1. Where are you from and why did you go to law school?
I spent my childhood in Seattle and moved to Utah when I was a teenager. I went to Brighton High and received both my B.A. and M.A. from the U. I decided on law school after working as a paralegal at Holme Roberts & Owen. My thinking was, I’m already doing this law stuff anyway, so I might as well get the law degree.
2. What kinds of activities did you do in law school? (Classes, jobs, clinics, externships)
During law school, I put myself on a track to specialize in bankruptcy, mainly because I had done bankruptcy as a paralegal and thought that was what I wanted to continue doing. I did a Judicial Clinic with then-Utah Supreme Court Chief Justice Michael Zimmerman. I clerked in Salt Lake City at Snow Christensen & Martineau after my first year, then went to Lillick McHose & Charles in Los Angeles after my second year. L.A. was a really fun summer—back when firms wined and dined you. I got to go to baseball games, beach parties, see Johnny Carson—it was great. Following graduation I decided to join Snow Christensen in their bankruptcy group. I assumed it would be good because it was familiar. I found, however, that bankruptcy practice and I were not a good fit. I don’t have a business mind. A definite lesson I learned is that being too narrowed and focused can preclude you from exploring other possibilities.
After practicing for awhile, I decided to do a judicial clerkship with U.S. District Judge Bruce Jenkins. Then I had another baby (I had my first as a 3L) and took some time off. I did another judicial clerkship with U.S. District Judge David Sam. I ultimately joined American Stores Corporation as in-house counsel, doing dispute resolution in the real estate division. When American Stores got bought out by Albertsons, the corporate headquarters moved to Boise. My life was here and I wanted to stay in Salt Lake. So, I was looking for yet another job when this (dean of students) opened up.
3. What are you doing now? What do you love about it? How did you first make contact with your employer? (May want to describe the things you did before you got this jobs).
My job title is Associate Dean for Student Affairs. I talk to students about personal and academic problems and try to help them find solutions. I also manage a lot of specific issues and programs: student organizations, the London Consortium, study abroad, student awards and fellowships, ADA accommodations, exam reschedules, grades, the school’s ABA questionnaire, graduation reviews, bar certification, character & fitness, and general student disciplinary matters. My favorite thing about this job is working with the students. I really like helping them find creative solutions to their problems. I also like the fact that I’m not tied to my desk doing paper work all the time. I enjoy the variety of issues I deal with – getting to interact with people, helping to decide policy issues – and the fact that there are no billable hours, of course. I loved being a law student, so it was very gratifying to be able to come back to a place where I had been so happy. Before this job, I did something different every three years. I’ve been doing this for 12 years now, so that tells you how much I like being here. I remember meeting the dean of students during intro week of my first year and listening to him talk about his job. I thought it sounded like he had the greatest job ever – and I knew that someday I wanted his job. And it happened.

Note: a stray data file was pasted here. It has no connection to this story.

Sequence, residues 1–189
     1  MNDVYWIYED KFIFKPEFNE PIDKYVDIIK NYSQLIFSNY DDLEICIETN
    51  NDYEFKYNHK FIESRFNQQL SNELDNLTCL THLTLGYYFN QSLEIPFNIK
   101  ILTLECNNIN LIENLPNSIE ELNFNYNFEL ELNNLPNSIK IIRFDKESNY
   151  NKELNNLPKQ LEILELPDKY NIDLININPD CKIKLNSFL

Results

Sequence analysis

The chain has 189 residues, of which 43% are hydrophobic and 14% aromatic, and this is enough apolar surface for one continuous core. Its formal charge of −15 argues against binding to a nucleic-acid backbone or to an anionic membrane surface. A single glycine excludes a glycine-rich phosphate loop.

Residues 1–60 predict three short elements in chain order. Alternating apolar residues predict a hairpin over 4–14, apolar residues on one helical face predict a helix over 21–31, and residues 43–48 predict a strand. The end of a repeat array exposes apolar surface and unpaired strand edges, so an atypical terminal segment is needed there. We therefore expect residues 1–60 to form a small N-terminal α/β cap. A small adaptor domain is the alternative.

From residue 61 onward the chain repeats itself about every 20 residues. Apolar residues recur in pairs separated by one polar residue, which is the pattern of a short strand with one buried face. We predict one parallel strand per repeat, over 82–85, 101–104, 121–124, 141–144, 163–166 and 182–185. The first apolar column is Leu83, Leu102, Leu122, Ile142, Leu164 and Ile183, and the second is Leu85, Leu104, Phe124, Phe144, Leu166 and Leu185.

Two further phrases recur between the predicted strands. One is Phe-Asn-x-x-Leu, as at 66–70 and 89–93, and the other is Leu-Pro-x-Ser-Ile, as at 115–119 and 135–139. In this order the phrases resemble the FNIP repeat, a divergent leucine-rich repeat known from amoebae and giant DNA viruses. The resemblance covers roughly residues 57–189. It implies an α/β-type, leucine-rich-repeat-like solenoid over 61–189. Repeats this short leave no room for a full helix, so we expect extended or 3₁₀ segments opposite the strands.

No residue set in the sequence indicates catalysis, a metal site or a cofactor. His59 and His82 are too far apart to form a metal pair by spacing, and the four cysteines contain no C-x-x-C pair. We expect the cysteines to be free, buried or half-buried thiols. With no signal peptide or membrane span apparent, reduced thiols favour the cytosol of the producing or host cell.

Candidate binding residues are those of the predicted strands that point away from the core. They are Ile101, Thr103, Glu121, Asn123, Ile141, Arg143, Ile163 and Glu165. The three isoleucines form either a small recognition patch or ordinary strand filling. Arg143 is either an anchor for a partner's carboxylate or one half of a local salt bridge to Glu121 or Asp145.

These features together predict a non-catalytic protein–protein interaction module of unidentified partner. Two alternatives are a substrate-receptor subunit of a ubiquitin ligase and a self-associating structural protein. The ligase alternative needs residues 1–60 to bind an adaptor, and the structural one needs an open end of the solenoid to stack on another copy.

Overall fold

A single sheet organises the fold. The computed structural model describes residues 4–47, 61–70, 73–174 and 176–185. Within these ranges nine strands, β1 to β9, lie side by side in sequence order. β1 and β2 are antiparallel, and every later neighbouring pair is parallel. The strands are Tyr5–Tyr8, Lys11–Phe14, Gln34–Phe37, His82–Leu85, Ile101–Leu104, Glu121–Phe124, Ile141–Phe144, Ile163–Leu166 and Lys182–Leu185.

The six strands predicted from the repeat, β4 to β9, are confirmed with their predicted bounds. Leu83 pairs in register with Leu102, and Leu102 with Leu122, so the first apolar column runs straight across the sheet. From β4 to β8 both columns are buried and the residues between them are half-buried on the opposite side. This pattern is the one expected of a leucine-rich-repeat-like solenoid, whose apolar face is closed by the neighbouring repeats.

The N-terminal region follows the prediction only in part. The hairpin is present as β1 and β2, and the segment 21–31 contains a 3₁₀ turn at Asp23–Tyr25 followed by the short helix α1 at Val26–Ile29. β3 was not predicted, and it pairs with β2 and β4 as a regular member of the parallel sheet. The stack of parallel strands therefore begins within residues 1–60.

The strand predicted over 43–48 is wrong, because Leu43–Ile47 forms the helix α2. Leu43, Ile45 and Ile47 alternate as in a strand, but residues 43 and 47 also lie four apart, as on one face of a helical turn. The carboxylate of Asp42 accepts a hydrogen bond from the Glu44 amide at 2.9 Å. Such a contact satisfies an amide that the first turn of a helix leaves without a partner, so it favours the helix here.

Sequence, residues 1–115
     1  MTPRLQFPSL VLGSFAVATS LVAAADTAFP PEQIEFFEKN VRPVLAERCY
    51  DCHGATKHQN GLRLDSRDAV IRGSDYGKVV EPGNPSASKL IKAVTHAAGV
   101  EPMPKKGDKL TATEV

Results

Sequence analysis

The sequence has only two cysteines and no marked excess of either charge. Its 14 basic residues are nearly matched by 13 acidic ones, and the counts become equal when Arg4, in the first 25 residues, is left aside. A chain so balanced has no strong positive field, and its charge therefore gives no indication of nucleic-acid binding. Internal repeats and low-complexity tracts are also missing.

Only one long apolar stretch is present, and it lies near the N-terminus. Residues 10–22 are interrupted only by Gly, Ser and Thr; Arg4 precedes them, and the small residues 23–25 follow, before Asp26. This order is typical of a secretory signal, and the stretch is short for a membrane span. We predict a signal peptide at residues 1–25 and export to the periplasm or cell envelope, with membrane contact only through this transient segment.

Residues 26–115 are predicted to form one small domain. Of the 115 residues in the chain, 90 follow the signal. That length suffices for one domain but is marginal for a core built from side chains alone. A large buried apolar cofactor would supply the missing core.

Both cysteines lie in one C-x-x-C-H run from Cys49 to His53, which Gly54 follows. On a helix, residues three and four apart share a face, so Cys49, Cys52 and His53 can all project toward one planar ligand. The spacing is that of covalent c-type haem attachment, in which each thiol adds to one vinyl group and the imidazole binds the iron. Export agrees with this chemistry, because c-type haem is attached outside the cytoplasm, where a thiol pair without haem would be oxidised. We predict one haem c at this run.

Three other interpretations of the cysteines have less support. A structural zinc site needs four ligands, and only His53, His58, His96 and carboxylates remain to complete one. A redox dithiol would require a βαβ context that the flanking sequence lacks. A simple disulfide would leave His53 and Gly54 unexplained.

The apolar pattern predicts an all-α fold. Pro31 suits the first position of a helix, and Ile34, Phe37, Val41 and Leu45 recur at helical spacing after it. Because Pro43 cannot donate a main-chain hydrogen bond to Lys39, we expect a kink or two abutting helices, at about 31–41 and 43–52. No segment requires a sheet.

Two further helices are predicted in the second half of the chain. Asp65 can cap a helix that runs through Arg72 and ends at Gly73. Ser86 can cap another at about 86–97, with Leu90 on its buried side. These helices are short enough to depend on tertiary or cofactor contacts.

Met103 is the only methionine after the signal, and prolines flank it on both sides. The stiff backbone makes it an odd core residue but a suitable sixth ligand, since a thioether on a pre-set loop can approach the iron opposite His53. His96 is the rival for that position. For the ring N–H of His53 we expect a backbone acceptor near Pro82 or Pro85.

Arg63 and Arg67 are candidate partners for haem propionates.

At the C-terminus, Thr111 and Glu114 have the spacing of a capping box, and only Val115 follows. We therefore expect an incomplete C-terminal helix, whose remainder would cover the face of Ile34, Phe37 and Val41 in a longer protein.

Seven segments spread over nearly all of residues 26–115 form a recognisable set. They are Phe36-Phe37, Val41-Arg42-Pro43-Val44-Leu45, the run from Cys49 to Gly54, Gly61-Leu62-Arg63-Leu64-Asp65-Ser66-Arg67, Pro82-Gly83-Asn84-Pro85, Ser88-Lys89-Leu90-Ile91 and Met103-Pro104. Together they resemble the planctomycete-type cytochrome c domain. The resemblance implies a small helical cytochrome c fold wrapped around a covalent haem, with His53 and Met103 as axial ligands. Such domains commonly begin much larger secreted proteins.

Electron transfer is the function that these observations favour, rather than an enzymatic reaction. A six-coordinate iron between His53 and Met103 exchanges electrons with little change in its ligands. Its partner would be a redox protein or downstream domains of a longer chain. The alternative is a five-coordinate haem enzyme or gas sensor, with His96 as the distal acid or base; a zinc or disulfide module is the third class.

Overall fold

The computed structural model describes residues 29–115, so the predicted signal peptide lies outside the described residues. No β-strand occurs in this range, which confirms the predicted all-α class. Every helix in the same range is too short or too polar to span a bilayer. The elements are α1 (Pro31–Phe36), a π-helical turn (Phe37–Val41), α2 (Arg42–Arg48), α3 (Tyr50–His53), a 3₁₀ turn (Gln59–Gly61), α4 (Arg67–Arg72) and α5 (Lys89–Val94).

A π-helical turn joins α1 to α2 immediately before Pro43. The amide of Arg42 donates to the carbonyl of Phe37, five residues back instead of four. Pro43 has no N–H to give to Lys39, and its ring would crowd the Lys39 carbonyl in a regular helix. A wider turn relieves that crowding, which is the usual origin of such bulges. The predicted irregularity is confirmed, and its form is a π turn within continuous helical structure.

4. How did you get this job? What kinds of things gave you an edge? (grades, work experience, connections/networking?)
I was a former student and had previously applied for a couple of other positions with the school, so people knew who I was. When this job opened up, someone forwarded me a notice and I applied. My interview was with about eight faculty members and administrators sitting around a table. They asked me a series of hypotheticals – how I would handle a variety of scenarios with students. It was like the Socratic Method all over again. Despite the fact that it was nerve racking, I felt comfortable with my answers. I knew this job would be a good fit.
I think coming in with a lot of different experiences really helped, and knowing and being on good terms with some of the faculty helped (never burn bridges). I doubt they cared one way or the other about how I had done academically. They were much more interested in other things I could bring to the position.
5. What tips do you have for students and alums who are job seeking?
Don’t become so focused on what you think you want that you miss out on other interests and opportunities. Don’t limit yourself.
Remember, it’s not a marriage, it’s a date. If you don’t like what you’re doing, keep your eyes open for something else.
Even if your first job isn’t your dream job, it’s a first step. Do that for a while, then take a second step.
Don’t give up if you initially don’t get a job where you want. Just because they didn’t hire you for a specific job doesn’t mean they didn’t like you. They may actually end up hiring you for something even better.
Even if the obstacles seem insurmountable now, things have a way of working out in the end. Be patient, but at the same time, keep moving forward.